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The Idea of Hegel's "Science of Logic"$
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Stanley Rosen

Print publication date: 2013

Print ISBN-13: 9780226065885

Published to Chicago Scholarship Online: May 2014

DOI: 10.7208/chicago/9780226065915.001.0001

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PRINTED FROM CHICAGO SCHOLARSHIP ONLINE (www.chicago.universitypressscholarship.com). (c) Copyright University of Chicago Press, 2019. All Rights Reserved. An individual user may print out a PDF of a single chapter of a monograph in CHSO for personal use.date: 20 October 2019

The Historical Context

The Historical Context

Chapter:
(p.11) One The Historical Context
Source:
The Idea of Hegel's "Science of Logic"
Author(s):

Stanley Rosen

Publisher:
University of Chicago Press
DOI:10.7208/chicago/9780226065915.003.0002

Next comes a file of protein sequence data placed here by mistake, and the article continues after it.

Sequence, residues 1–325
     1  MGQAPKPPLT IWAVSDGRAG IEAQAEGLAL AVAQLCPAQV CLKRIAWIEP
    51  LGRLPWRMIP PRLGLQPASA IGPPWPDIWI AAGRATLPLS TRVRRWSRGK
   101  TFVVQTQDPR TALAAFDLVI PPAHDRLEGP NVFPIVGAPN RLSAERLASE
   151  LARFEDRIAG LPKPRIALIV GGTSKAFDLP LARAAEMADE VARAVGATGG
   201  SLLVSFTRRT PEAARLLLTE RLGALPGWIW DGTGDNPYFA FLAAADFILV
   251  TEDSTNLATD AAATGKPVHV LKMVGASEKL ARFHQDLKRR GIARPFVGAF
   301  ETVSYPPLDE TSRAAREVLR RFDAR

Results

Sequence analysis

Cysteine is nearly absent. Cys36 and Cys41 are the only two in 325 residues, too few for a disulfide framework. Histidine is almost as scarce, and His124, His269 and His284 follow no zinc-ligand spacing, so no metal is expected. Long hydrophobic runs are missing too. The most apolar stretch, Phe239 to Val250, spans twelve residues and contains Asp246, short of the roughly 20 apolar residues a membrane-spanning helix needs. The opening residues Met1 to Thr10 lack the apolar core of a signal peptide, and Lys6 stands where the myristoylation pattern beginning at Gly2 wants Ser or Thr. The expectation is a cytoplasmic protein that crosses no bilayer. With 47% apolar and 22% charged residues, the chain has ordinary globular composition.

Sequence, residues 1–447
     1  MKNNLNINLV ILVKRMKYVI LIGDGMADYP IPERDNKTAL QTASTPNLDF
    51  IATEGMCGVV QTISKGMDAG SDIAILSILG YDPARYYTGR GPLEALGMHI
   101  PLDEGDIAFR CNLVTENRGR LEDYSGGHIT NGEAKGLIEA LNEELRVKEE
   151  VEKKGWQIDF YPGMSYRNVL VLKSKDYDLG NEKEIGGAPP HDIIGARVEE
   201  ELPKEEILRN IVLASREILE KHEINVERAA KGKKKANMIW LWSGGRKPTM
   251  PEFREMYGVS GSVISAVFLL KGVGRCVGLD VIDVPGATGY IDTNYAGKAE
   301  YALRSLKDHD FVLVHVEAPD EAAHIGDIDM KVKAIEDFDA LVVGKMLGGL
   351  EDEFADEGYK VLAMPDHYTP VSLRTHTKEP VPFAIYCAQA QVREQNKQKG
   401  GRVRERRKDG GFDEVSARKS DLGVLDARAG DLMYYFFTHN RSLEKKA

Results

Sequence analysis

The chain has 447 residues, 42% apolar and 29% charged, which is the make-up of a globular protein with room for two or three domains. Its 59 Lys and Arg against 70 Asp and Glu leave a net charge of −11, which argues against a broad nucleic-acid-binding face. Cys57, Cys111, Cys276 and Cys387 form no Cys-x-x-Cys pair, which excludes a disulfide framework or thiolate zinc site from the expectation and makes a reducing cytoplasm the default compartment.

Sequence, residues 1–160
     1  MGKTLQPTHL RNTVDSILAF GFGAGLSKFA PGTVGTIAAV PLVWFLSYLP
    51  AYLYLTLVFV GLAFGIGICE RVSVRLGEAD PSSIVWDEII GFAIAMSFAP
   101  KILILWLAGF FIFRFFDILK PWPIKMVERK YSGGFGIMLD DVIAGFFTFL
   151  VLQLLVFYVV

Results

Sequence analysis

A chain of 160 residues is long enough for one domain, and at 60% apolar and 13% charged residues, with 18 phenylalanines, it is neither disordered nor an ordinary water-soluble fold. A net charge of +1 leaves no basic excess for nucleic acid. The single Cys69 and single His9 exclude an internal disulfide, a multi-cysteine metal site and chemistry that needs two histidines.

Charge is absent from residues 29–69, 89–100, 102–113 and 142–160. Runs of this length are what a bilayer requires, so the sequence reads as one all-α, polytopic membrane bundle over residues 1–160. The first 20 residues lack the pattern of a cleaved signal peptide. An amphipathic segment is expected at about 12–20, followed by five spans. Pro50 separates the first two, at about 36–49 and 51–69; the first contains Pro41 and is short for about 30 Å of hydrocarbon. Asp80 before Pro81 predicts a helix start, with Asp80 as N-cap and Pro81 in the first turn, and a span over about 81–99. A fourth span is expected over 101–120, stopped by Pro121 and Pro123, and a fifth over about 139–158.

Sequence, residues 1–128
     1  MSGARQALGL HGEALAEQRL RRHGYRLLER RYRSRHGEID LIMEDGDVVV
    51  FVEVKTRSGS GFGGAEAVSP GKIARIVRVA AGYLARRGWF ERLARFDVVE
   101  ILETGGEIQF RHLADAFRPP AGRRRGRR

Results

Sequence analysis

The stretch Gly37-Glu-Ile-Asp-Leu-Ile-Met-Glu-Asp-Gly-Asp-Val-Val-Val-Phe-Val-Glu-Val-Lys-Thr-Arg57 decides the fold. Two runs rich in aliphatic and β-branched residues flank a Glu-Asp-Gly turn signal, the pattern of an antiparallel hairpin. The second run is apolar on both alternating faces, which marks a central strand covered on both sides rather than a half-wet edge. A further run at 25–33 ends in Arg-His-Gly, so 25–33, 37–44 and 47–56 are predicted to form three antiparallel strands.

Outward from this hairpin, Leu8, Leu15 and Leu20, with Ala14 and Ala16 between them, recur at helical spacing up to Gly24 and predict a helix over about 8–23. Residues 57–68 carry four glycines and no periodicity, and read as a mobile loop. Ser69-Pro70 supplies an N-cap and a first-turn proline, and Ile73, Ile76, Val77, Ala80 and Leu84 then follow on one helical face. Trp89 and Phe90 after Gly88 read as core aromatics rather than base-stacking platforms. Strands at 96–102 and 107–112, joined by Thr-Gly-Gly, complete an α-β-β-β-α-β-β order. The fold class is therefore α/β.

This chapter examines Georg Wilhelm Friedrich Hegel’s understanding of the history of European philosophy in order to elucidate the spirit or inner dynamic of his solution to the problem of traditional rationalism. More specifically, it analyzes Hegel’s doctrine of the coincidence of history and logic as part of his attempt to overcome modern nihilism. It looks at Hegel’s view of Plato and Aristotle, his reference to Immanuel Kant in his presentation of logic, and his argument that the crucial feature of the Cartesian revolution is the doctrine of subjectivity. The chapter discusses René Descartes’s account of the dualism of mind and body, as well as Hegel’s adaptation of the Kantian doctrine of pure reason and asymptotic development toward an infinitely distant historical resolution of human suffering. Finally, it considers the role of religion, particularly the Christian interpretation of divine and human history, in Hegel’s account of human experience.

Keywords:   logic, Georg Wilhelm Friedrich Hegel, history, philosophy, rationalism, nihilism, Plato, Aristotle, Immanuel Kant, religion

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